Grammatical drollery consisting of poems & songs wherein the rules of the nouns & verbs in the accendence are pleasantly made easy, for the benefit of any that delight in a tract of this nature
Hickes, William, fl. 1671.
A Participle doth participate
With Noun and Verb in all degrees and state:
With the Noun, in Gender, Case, Declension;
With the Verb, in Tense and Signification.
And yet to make the wonder the bigger,
Takes part with both in number and figure.
Page 29There are of Participles but four kinds,
Which scarce do know one anothers minds:
For they never are together at one time;
Which to offer to do, wou'd be a Crime.
The Present, Preter, Future in rus and dus:
How, two Futures! that's preposterous.
O, Sir, 'tis most certain; and I say yes:
For is not the next year future to this?
And the third year also future to that?
So now you see there's two futures, that's flat.
The present hath two ends to lodge at, ans
And ens; and the Landlord to th' first is amans
Loving: for we know that a mans loving is
The cause of his great sorrow or bliss.
And as before-said, the second is call'd ens,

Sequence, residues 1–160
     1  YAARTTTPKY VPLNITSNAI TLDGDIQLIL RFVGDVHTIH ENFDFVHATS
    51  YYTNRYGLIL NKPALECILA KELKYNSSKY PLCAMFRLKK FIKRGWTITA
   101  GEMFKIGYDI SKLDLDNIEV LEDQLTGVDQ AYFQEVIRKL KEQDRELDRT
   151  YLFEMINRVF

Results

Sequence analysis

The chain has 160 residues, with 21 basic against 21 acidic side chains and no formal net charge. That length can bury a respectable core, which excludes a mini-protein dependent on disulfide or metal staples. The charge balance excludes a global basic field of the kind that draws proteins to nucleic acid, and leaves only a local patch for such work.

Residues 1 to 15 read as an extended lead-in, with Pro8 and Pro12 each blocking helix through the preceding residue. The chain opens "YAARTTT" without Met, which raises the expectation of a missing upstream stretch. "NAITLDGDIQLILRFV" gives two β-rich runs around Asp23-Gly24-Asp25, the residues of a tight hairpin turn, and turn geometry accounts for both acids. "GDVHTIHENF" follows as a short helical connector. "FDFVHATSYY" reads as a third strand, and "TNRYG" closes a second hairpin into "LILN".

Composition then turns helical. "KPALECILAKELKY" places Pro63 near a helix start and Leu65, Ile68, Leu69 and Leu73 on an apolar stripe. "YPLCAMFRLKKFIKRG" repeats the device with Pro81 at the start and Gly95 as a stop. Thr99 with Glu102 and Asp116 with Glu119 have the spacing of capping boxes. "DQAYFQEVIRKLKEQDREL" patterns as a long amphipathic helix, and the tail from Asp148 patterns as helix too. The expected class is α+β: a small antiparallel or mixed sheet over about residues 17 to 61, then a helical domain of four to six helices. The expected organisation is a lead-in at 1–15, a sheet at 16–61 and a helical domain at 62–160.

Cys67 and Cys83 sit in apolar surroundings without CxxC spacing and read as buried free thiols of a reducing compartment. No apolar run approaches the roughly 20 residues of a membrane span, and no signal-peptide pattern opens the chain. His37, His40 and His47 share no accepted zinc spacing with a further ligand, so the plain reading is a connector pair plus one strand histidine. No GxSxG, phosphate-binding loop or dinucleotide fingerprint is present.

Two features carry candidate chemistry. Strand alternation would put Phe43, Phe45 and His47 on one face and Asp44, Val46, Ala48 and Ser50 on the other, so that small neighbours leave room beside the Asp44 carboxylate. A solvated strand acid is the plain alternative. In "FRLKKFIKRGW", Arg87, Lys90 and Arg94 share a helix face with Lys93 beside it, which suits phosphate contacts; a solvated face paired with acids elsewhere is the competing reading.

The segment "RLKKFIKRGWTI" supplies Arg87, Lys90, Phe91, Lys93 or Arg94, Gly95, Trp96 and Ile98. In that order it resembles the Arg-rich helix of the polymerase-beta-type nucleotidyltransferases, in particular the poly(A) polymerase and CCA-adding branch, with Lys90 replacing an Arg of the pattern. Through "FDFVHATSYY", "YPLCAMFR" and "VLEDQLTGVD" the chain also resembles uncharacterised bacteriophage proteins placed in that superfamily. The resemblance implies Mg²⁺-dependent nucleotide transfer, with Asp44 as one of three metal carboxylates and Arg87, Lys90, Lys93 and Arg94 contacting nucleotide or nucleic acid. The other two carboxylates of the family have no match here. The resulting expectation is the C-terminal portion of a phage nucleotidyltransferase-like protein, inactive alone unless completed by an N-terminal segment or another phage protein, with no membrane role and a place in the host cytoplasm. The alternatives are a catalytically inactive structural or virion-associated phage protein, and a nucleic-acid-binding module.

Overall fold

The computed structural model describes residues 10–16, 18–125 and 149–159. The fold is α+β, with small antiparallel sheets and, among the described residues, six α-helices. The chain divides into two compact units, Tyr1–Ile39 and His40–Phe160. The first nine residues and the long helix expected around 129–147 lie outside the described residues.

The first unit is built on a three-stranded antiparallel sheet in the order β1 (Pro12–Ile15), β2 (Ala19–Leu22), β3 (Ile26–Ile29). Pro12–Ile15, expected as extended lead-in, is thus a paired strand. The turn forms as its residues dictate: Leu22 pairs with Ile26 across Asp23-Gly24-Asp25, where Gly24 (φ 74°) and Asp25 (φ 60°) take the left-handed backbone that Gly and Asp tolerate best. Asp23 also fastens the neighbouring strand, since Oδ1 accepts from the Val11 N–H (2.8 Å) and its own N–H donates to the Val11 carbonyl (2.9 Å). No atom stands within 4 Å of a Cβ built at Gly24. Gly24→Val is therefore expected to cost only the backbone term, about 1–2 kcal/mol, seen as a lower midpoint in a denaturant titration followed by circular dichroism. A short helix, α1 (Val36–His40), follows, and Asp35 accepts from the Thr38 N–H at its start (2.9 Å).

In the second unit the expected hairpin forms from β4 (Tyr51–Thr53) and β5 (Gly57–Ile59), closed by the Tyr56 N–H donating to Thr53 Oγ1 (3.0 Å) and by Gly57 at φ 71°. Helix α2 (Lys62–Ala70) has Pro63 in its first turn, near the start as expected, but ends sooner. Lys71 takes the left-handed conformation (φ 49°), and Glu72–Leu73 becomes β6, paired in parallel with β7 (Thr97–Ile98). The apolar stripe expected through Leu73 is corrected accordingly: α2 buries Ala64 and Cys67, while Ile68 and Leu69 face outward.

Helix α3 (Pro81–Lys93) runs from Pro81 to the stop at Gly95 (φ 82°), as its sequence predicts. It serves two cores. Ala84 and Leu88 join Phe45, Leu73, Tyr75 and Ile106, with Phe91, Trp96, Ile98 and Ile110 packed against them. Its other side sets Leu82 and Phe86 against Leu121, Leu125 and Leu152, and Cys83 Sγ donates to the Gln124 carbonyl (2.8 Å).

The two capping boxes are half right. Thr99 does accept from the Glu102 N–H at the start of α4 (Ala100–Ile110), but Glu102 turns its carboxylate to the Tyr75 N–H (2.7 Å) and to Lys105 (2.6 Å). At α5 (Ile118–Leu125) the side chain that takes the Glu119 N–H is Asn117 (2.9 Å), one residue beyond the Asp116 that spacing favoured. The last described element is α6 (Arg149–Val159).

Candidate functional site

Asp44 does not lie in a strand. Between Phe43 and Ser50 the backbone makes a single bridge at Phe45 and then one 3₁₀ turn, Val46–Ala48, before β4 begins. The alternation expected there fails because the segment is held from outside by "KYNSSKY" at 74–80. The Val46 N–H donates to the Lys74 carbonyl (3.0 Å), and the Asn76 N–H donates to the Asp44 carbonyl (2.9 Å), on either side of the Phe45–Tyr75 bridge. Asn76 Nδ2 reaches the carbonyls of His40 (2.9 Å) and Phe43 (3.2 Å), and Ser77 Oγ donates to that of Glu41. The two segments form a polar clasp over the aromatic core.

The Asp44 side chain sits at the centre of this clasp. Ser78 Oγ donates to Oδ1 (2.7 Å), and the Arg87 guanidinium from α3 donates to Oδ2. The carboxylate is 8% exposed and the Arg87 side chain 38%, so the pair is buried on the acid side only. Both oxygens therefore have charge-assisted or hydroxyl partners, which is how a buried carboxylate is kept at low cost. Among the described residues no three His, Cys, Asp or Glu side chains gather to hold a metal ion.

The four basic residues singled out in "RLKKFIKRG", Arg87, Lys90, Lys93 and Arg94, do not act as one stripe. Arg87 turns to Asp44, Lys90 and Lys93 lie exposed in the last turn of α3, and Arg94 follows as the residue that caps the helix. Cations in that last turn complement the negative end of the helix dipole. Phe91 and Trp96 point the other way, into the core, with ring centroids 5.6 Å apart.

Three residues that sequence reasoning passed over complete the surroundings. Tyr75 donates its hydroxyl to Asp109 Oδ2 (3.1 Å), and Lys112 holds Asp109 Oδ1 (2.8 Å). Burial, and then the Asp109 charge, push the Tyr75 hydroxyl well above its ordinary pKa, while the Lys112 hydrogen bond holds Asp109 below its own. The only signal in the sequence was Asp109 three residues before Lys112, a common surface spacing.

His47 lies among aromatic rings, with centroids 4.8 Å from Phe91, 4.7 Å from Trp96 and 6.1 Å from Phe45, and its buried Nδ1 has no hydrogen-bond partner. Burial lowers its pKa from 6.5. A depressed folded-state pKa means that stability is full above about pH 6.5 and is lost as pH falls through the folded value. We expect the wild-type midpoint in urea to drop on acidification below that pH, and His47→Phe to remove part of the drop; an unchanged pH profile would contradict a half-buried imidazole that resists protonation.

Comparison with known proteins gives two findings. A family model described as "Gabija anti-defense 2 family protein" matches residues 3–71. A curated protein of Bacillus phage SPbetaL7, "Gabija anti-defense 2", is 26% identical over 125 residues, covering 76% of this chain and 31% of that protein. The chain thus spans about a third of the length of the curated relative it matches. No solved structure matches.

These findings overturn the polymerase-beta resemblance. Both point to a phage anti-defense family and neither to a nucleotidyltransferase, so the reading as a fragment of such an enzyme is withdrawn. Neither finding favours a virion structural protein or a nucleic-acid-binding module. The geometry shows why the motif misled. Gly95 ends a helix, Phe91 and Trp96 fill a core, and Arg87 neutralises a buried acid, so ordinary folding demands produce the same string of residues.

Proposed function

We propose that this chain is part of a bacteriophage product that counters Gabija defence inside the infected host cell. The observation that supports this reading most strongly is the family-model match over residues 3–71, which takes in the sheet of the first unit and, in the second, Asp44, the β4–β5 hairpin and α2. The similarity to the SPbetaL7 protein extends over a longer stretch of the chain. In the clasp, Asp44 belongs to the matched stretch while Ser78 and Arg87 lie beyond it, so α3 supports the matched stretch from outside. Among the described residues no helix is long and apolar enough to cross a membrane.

Whose Masters name is Monsieur docens:
Who is teaching of 'em all perpetually;
But those that are not present, by and by:
But chiefly the present time is his aim,
And every day will be to him the same.
The second is praeter, who likewise has three ends
In English, as d, t, n, who are his friends;
As loved, taught, slain. He has also
Three ends of Latin too, which we also know,
As tus, sus, xus; as amatus, visus, nexus;
Who when we are construing, does always vex us.
And another dull dead word, in uus,
Which is Mr. Morio•'s Son, mortuus:
He hates the present Tense; for he's for nought
But that which is past, which he has dearly bought
By vindicating that which he will ne'r see,
And so to himself is a great Enemie.
But that in rus, which is a Country-man,
Has an active voice (though looking wan)
Page 30By being about to love Amaturus Daughter;
That is, if not now, he'll do't hereafter.
But that in dus doth suffer very much more
Than all the other three that were before:
For he scorns to love, being often moved
To it; but with amandus, to be beloved:
For a man does love to be belov'd sometimes;
That is, when young Ladies are in their primes.
And as they were all to Nouns and Verbs alli'd,
So in their distinct seasons, were to them a Guide.
They all were glad the Verbs a Peace had made;
For when they heard on't first, were all afraid:
And to the Concords for that agreement
Which they had made, they in their seasons went
To give 'em thanks; and then their Healths did tipple:
Which was then done by every Participle.